There's been little public word about what has happened to an American college student detained in North Korea, as a new administration takes over one year later amid deep U.S. concerns about the hostile country's nuclear and missile development.
North Korea announced last Jan. 22 it had detained Otto Warmbier, a 21-year-old University of Virginia student from suburban Cincinnati, earlier that month for alleged anti-state crime. Warmbier, who had visited North Korea with a tour group, was sentenced in March to 15 years in prison at hard labor after a televised tearful public confession to trying to steal a propaganda banner.
Such North Korean detentions of U.S. citizens for offenses that might seem minor to outsiders — Warmbier said he wanted to take the banner home for a woman in Ohio who wanted to hang it in her church — are seen in Washington as having political motives, and Warmbier's has come during a time of worsening tensions.
The State Department calls the sentence "unduly harsh," and spokesman John Kirby said in a statement last week in response to an Associated Press query that the department continues to work for Warmbier's "earliest possible release." Noting that he has gone through North Korea's criminal process and been detained more than year, he said: "We continue to urge the DPRK (Democratic People's Republic of North Korea) to pardon him and grant him special amnesty and immediate release on humanitarian grounds."
Another U.S. tourist from Ohio, Jeffrey Fowle, was arrested in 2014 for leaving a Bible in a nightclub and was freed after six months.
Already at odds over its nuclear tests and missile launches, North Korea in July called new U.S. sanctions aimed directly at Kim Jong Un and other top leaders for human rights abuses the equivalent of declaring war, and diplomats inquiring about Warmbier and a Korean-American also being held have been told they were being treated under "wartime law." It's not clear what that means, although it could imply tougher treatment. The United States doesn't have diplomatic relations with North Korea.
North Korea has refused repeated Associated Press requests in Pyongyang to speak with Warmbier.
The Warmbier family and people in contact with them have been cautious about commenting on the sensitive situation.
A spokeswoman for Ohio Republican Gov. John Kasich said he continues to be "very concerned" about Warmbier and discussed him during a White House visit in late 2016. The spokeswoman, Emmalee Kalmbach, said Kasich has encouraged U.S. authorities to keep the Warmbier family informed.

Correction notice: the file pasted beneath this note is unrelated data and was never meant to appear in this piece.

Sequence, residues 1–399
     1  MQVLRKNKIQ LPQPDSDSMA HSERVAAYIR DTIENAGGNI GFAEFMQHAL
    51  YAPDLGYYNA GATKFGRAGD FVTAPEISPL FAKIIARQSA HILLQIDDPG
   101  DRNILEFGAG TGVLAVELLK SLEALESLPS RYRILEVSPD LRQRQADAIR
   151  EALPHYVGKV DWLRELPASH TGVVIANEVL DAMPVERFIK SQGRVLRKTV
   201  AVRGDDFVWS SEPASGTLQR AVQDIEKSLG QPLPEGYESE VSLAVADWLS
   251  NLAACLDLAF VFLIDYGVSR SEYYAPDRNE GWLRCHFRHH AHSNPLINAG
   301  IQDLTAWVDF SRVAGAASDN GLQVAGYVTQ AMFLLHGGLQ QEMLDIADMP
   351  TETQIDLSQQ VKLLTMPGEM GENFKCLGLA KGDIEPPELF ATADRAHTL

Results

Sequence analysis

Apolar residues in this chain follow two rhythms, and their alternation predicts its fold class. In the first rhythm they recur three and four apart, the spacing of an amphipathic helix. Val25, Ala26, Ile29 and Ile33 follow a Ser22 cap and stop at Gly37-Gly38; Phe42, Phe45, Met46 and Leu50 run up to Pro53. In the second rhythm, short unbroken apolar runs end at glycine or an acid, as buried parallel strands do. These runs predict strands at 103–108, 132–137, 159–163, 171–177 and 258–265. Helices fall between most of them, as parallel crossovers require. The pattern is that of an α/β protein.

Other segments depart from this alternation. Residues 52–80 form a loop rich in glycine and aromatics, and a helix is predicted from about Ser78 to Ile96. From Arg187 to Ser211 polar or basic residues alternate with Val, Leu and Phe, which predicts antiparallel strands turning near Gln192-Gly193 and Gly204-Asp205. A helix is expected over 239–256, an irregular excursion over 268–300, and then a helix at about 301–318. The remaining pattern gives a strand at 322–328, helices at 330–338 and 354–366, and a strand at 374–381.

Warmbier's parents said after his public confession last February that they hadn't been able to communicate with him, and his father, Fred, expressed hope his son's "sincere apology" would persuade North Korea to allow him to come home. The statement was released through the University of Virginia.
Although there has been scant news on Warmbier since his sentencing, his situation could re-emerge as Donald Trump's administration begins dealing with North Korea. He has said he will push China to exert its influence on North Korea to bring it into line, but Trump also said during his presidential campaign that he would be willing to meet with Kim Jong Un.
There's little doubt North Korea would like to use Warmbier to get a U.S. president to travel to "kowtow and ask for him back," said Boston University Professor Emeritus Walter Clemens, whose extensive writings on North Korea include two books. But there's always the hope that such a meeting could open a way to improving current tensions, he said.
"It's obviously very terrible for the family and for Mr. Warmbier," said Clemens, a Cincinnati native. "But he could conceivably be the bridge for establishing a rapprochement between the United States and North Korea."
University spokesman Anthony P. de Bruyn said he wasn't aware of any recent family statements, adding that he's not a spokesman for them.
"The university continues to closely follow the unfortunate situation involving Otto Warmbier and remains in regular contact with the Warmbier family," he said by email.
U.S. Sen. Rob Portman, of the Cincinnati area, said: "I continue to stay in close touch with the family as well as the administration, and hope that Otto will be released soon."